Mahavira (540 BC - 467 BC) founded the sect of Jainism. Vardhamana Mahavira was born in a village near Vaishali in north Bihar. His father a ruler of that area and his mother a princess. At the age of thirty. he left home and started practicing penances in search of knowledge. After twelve years, he attained the state called Nirvana (enlightenment). He was acclaimed as the twenty-fourth Tirthankara and one of the great spiritual teachers. The 23 earlier Tirthankaras, about whom practically nothing is known, are prehistoric in character. Only the last one is a historical personage, Parshvanatha.
The sect of Jainism does not recognize caste, deities or sacrifices and is pledged to the non-taking of life. All Jains are strict vegetarians. Jainism stresses that there was no need for any vedic ceremonies and invoking the gods for help. It told its followers that their deeds should be based on the three jewels (Ratnas) - Right faith, Right knowledge, and Right action. The five vows of Jainism are: non-injury to living beings, truth, non-stealing, not to own property and to practice chastity. The first four vows were laid down by Parshva; the last one was added by Mahavira, who also asked his followers to abandon clothes and go about naked. This implied that the Jain monks had to observe absolute chastity, abandon all worldly pleasure and possessions and practice progressive tapas or asceticism with long periods of fasting, self-mortification, meditation and study.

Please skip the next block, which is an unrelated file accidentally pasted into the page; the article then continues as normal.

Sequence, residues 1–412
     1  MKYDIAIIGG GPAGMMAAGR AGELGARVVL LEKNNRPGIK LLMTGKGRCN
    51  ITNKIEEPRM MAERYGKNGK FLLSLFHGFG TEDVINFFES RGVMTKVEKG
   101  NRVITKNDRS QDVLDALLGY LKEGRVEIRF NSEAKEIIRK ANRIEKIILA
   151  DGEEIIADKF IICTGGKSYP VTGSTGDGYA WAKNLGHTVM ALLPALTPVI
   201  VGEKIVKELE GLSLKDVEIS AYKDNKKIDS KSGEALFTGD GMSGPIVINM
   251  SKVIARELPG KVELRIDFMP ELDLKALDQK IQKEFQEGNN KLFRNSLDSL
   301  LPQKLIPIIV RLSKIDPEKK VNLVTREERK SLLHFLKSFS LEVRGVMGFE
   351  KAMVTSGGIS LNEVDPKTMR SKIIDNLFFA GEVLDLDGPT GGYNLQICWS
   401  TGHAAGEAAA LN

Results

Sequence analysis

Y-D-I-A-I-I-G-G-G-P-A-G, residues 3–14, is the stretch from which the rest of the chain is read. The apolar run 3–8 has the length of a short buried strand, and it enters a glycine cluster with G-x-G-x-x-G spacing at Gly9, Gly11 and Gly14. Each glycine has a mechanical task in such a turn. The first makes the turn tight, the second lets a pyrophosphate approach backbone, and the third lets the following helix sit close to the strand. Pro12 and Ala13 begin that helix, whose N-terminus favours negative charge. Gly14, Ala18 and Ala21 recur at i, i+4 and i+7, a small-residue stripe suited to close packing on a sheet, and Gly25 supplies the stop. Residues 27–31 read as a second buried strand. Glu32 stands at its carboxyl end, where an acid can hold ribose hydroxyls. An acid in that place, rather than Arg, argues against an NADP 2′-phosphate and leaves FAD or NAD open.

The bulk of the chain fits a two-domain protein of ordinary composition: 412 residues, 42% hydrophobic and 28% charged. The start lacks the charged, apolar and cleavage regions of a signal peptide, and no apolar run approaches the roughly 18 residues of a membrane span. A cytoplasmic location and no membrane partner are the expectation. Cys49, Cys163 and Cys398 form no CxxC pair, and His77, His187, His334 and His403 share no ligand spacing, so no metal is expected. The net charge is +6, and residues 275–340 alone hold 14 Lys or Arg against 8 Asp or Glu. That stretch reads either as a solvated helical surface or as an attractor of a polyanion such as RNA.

According to Jains, the Vedas and
Brahmanas are not reliable and may be disregarded. Jainism possesses
it's own scriptures. At first, Jain teaching was preserved in an oral
tradition. But, in the third century BC, at a council convened in
Pataliputra, it was collated and recorded, the final version being
edited in the fifth century AD. At the time of the council, Jains were
divided into two sects - the Digambara and the Svetambara. Possibly, the
split into two sects was due to a number of Jain monks moving down south
and the subsequent differences in ascetic practices. The basic religious
principles remained the same, but they differed among themselves on
minor dogmas, mythological details and ascetic practices.
The 57-foot high statue of Gommateshvara at Sravana Belagola in Mysore, erected in 983 or 984 AD is a marvel of its kind. The temples at Mount Abu and those at Palithana in Gujarat and Moodabidri and Karkala in the south make a rich contribution to the Indian heritage.